The Serious Organised Crime Agency (Soca) shows a surprising naivety in the reasons it gives for declining to investigate the banks, pharmaceutical companies, lawyers and many other seemingly respectable firms that have been using the services of corrupt private investigators. Why the executives of Soca should lend themselves to what is a cover-up I shall come to later.
What is Soca’s reasoning? Here is what the agency says: “The fact that they [the clients] have been identified does not mean that they placed their instructions in the knowledge that the private investigators or their agents would act unlawfully.” So let us imagine what is likely to occur when a “respectable” firm approaches private investigators for help.
It would ask how successful the private investigators had been in discovering unpublished information in the past. In response, the private investigators would give bullish descriptions of their work, how they had discovered this and that and how, in the face of substantial difficulties, they come back with the goods.
Then surely the “respectable” firm would ask how exactly such excellent results had been obtained. Perhaps no clear answer would be given, just nods and winks, or perhaps the private investigators would boast about their skills in phone hacking, blagging, suborning public officials and so on. Either way, it would become obvious to the “respectable” firm that to be successful, this sort of business generally involves the use of illegal methods.
Indeed, the chances are the transaction would be exactly like purchasing stolen goods. You don’t steal the objects yourself but by buying them you facilitate the crime. Staff of the respectable firms don’t hack phones or suborn public officials, but by buying information discovered by such methods they also facilitate crime. They and their employers are parties to criminal activities and should be treated as such.
Soca gives a second reason why it has sat on evidence of possible wrongdoing for many years without doing anything. “The information ... if published might … substantially undermine the financial viability of major organisations by tainting them with public association with criminality.” To which the immediate answer is that these major organisations should have thought of that before dealing with disreputable private investigators.
In any case, it is a strange rule, unknown to the principles of justice, that one of the factors to be considered before launching an inquiry into possible criminal wrongdoing should be the suspect’s financial viability. It was not, for instance, a question that was raised with regard to newspapers when inquiries into alleged phone hacking began to be made. Nor is such collateral damage a consideration applied to individual citizens when they become the target of police inquires.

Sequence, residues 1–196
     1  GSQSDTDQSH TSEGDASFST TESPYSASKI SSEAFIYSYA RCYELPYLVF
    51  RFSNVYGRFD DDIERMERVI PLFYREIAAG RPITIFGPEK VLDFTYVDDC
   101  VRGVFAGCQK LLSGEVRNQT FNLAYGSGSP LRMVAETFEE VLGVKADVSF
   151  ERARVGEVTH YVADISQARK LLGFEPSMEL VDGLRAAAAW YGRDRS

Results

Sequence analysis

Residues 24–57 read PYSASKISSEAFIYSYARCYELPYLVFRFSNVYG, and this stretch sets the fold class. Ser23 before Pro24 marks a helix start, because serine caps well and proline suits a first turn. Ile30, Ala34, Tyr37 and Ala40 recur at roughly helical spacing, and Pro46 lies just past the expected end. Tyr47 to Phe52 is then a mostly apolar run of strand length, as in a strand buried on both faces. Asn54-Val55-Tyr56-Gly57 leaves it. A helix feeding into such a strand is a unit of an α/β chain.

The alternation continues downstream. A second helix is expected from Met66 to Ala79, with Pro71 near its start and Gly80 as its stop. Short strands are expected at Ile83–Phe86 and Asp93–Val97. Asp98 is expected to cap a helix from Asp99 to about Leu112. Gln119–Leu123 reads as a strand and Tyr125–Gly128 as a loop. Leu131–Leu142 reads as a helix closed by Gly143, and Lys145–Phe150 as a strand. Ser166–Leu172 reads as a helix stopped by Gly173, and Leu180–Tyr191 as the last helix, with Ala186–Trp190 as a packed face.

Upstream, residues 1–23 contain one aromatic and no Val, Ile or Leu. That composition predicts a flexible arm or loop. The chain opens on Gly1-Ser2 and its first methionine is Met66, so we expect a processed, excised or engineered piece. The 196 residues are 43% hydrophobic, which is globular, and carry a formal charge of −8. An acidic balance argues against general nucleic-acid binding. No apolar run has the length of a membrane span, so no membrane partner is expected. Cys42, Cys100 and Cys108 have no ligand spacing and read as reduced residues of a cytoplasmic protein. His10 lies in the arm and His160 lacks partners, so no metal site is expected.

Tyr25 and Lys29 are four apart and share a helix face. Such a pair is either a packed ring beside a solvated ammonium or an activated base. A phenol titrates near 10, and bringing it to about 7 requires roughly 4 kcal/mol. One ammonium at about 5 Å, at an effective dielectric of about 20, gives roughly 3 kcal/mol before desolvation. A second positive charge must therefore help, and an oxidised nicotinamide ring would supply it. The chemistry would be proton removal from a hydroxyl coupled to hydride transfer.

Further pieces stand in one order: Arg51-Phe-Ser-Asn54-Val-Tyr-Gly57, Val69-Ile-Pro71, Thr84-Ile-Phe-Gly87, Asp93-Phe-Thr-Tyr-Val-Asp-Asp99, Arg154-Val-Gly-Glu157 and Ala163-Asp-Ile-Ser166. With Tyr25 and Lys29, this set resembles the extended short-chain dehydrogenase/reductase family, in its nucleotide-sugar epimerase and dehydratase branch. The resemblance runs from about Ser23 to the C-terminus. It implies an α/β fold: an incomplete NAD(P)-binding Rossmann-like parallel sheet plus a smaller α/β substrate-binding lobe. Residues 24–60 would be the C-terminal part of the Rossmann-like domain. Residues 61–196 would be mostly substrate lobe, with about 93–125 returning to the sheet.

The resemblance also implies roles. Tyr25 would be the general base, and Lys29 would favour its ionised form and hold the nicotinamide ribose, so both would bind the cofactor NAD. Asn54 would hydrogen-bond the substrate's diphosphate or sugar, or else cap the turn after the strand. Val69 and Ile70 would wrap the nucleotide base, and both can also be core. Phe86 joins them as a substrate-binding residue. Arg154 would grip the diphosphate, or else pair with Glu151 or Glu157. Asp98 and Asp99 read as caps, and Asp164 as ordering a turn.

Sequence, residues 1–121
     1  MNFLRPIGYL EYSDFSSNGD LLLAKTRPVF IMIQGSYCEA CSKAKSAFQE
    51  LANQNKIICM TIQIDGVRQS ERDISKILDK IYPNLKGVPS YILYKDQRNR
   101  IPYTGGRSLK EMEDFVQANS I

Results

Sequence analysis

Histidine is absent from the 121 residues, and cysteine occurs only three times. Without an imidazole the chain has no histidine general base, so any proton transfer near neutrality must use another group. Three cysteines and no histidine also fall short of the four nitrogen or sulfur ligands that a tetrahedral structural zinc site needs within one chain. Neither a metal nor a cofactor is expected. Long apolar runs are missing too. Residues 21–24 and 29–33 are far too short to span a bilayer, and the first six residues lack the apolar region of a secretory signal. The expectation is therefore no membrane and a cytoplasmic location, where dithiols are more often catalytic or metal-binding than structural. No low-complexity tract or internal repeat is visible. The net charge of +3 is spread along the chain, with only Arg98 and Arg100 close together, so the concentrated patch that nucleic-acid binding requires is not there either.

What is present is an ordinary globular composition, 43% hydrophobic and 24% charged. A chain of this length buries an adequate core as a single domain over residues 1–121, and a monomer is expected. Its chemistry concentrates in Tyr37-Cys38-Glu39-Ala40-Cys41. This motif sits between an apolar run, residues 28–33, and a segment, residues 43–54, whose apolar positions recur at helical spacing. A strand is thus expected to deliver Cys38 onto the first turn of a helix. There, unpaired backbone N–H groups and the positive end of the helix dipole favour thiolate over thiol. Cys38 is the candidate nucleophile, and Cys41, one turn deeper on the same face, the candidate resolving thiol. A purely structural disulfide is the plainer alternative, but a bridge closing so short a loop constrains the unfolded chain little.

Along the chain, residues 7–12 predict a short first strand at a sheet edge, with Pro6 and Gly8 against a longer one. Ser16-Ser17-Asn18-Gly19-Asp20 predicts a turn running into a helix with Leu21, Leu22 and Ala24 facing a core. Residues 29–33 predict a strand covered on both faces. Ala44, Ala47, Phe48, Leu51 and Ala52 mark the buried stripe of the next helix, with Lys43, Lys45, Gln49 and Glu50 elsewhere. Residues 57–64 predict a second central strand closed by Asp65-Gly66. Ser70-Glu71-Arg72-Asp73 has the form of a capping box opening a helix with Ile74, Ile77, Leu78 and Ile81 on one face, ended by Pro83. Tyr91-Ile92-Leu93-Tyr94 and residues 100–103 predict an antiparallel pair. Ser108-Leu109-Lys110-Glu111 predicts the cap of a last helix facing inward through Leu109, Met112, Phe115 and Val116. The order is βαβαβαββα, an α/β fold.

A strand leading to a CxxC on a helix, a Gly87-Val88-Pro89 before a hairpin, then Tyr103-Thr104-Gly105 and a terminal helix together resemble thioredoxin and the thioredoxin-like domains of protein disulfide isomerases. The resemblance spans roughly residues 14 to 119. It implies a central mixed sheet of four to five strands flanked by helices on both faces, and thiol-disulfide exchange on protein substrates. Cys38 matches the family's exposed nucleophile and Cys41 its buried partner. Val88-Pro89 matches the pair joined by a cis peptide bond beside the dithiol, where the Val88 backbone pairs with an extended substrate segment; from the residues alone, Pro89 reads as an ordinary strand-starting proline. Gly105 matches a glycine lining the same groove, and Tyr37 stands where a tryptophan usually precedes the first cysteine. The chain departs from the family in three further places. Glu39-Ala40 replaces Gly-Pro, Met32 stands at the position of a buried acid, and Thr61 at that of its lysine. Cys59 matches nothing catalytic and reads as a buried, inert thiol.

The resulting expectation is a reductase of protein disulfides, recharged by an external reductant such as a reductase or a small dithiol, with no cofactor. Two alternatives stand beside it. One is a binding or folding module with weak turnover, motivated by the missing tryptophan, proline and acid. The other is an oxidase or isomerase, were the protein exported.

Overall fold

As Neil Wallis, former deputy editor of the News of the World, told this newspaper on Thursday: “When I was arrested and questioned over alleged phone hacking, none of the evidence produced was anything remotely other than circumstantial at the very strongest. I spent 19 nightmare months unemployable on bail before being cleared. So why is it that executives on the Soca list are not being treated in the same way? Because I can’t see the difference between me and a posh lawyer who worked for companies who allegedly paid private investigators to break the law. Except, of course, I’m a tabloid journalist and apparently not a respectable businessman.” This says all that needs to be said about Soca’s second reason for not acting. It is as flimsy as the first.
However, when intelligent men and women, as I take Soca’s senior executives to be, act irrationally, an explanation is required. In this regard, I find illuminating the notion that conscious reasoning can function rather like the spokesperson of a leading politician, who automatically justifies any position on behalf of his or her boss. This is an analysis made by Jonathan Haidt in his recent book, The Righteous Mind. He argues that when we have formed a view about the rightness of a particular state of affairs, often led by intuition or instinct, then reasoning can take us to almost any conclusion we want to reach to justify our belief.
In this light, the two explanations put forward by Soca for its inaction have the marks of having been thought up at the last minute. When first heard, they sound convincing, but a moment’s reflection shows how thin they are. They are, in a way, soundbites.
My guess, and that is all it can be, is that the underlying instinct that explains Soca’s actions is the belief that the middle classes are fundamentally honest, with a few sad exceptions, and that nothing should be done that suggests otherwise. The appalling behaviour of some bankers is ignored; the crimes for which leading pharmaceutical firms in the US have been convicted are glossed over: the bribery routinely used by businesses operating in the Middle East is unacknowledged. We are fundamentally honest, aren’t we? Don’t ever say otherwise in case there are consequences we wouldn’t like.
Only three middle-class activities are excluded from this protective circle. The first is politics – MPs cheating on their expenses is, unfortunately, something to be expected. The second is religion. Hypocritical behaviour by church members, especially priests, shouldn’t be covered up. And the third area that fails to benefit from the assumption of fundamental honesty is the press. And that is how the world works, I am afraid.